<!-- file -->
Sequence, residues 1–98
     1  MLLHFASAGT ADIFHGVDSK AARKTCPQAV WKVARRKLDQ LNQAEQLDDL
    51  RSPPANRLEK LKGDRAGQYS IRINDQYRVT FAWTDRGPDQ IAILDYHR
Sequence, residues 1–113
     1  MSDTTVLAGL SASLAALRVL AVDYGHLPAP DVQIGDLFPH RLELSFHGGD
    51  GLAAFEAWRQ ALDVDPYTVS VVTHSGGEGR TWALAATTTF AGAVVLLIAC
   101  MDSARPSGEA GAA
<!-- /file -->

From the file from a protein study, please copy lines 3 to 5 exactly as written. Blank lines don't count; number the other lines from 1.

    51  RSPPANRLEK LKGDRAGQYS IRINDQYRVT FAWTDRGPDQ IAILDYHR
Sequence, residues 1–113
     1  MSDTTVLAGL SASLAALRVL AVDYGHLPAP DVQIGDLFPH RLELSFHGGD